on the fritz

being broken


on the fritz = kaputt (z.B. Maschinen oder Anlagen)



“Twitter goes ON (THE) FRITZ, again; Musk cutbacks fingered. Twitter is experiencing a bevy of glitches as links stop working, some users are unable to log in, and images are not loading for others.”

The Times of Israel — Headline (6th March 2023)

ON-THE-FRITZ sensor grounds Atlantis until next year NASA. Official says Atlantis will not blast off until at least January 2. Two of the cut-off sensors failed during pre-flight testing Thursday.”

CNN - Technology News

Did you

on the fritz
idiom (US)

- not working in the usual way or not working at all

- a state of disorder or disrepair

Cambridge Dictionary of American Idioms / Merriam-Webster


The phrase is now a common American expression meaning that some mechanism is malfunctioning or broken: “The washing machine’s on the fritz again” (the British and Australian equivalent would be “on the blink”).

However, when it first appeared — around 1902 — it meant that something was in a bad way or bad condition. Early recorded examples refer to the poor state of some domestic affairs, the lack of success of a stage show, and an injured leg.

Some people, have suggested it might be an imitation of the “pffzt” noise that a faulty connection in an electrical machine might make, or the sound of a fuse blowing. This theory falls down because none of the early examples is connected with electrical devices, and the phrase pre-dates widespread use of electricity anyway.

The Morris Dictionary of Word and Phrase Origins suggests a comic origin, from the comic strip called 'The Katzenjammer Kids'. In this, two youngsters called Hans and Fritz created lots of chaos. The strip appeared in newspapers from 1897 onwards, so the dates fit rather nicely,… but the question remains: why don’t we talk about “being on the Hans”?


- A house divided cannot stand = suggests that internal conflict leads to weakness and instability.

- A house of cards = a situation built on precarious foundations, easily collapsing into disorder.

- A spanner in the works (British) = describes an unexpected obstacle causing chaos.

- A bull in a china shop = when someone clumsy or disruptive enters a delicate situation.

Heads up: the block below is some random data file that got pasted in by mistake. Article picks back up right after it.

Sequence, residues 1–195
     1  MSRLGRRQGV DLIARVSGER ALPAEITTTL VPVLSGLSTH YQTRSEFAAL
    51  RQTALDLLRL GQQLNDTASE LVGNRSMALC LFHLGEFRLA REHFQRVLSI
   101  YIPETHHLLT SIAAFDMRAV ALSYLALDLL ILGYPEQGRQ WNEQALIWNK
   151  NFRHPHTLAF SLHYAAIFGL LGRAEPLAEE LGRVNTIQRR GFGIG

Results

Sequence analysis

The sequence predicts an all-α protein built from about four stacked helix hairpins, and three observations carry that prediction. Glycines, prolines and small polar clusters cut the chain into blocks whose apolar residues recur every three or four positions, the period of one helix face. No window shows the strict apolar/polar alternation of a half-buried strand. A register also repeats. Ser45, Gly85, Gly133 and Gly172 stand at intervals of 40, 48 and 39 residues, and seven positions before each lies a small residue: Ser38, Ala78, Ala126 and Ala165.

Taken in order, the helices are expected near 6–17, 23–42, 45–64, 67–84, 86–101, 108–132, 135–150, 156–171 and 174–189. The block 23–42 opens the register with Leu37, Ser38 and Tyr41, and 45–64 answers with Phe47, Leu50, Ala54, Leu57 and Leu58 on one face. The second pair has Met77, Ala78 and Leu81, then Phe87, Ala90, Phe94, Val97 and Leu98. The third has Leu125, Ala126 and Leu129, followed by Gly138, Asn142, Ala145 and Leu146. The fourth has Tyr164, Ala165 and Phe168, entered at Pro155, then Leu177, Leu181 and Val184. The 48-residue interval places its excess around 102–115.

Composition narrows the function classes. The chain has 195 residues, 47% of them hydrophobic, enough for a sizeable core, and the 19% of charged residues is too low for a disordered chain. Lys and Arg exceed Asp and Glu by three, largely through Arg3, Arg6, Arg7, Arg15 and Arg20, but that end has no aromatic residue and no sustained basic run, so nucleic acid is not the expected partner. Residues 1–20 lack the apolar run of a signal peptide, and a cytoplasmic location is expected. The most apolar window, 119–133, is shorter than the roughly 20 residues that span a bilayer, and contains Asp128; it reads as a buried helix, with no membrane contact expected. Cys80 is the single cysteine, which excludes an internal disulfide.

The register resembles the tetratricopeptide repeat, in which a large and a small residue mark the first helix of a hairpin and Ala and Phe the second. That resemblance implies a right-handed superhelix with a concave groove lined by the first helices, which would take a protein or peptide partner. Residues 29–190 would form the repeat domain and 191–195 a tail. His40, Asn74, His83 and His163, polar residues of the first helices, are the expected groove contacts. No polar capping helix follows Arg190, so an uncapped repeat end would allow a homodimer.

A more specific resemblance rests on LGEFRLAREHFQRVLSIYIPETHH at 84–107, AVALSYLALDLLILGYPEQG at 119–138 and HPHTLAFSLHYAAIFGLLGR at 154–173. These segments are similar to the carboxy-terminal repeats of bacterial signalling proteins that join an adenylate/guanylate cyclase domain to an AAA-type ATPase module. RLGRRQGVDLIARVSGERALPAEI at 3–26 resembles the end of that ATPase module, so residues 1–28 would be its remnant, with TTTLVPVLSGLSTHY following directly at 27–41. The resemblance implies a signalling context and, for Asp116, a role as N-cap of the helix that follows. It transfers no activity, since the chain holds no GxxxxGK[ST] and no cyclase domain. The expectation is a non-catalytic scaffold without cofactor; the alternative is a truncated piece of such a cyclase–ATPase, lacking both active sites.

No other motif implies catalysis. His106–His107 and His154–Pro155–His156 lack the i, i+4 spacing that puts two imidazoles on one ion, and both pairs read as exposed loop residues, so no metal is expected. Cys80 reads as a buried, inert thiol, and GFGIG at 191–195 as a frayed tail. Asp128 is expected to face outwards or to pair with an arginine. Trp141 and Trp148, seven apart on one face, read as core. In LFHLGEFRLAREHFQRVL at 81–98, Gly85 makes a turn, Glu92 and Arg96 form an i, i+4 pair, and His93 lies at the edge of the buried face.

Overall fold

- Fly off the handle = when someone loses their temper and causes disruption.

- Gone off the deep end = when someone loses control of their emotions or behaviour, causing chaos.

- Like a herd of buffalo = when a large group of people act in a disorganized and potentially destructive way.

- Like a cat on a hot tin roof = feeling restless, anxious, and unable to settle down, contributing to a chaotic atmosphere.

- Hitting the fan = when a negative situation intensifies and becomes chaotic.

- Go haywire = when something malfunctions or behaves erratically, leading to disorder.  

- All bets are off = when any prior plans or expectations become irrelevant due to sudden chaos.

- Pandemonium = extreme or uncontrollable noise and chaos (derived from the Roman god Pan).

- A three-ring circus = a chaotic situation with multiple things happening simultaneously, often with a sense of absurdity.  


acting up, ailing, amiss, on the blink, broken down, busted, conking out, defunct, down, dysfunctional, erratic, failing, faulty, going haywire, gone south, haywire, inoperative, kaput, malfunctioning, on the blink, out of order, out of sorts, out of whack, ON THE FRITZ, playing up, resisting commands, rogue, screwed up, shot, went belly-up, wrecked

SMUGGLE OWAD into a conversation, say something like:

“Our internet connection is ON THE FRITZ again, can you please call the IT department?”

THANKS to Sebastian for suggesting today's word!

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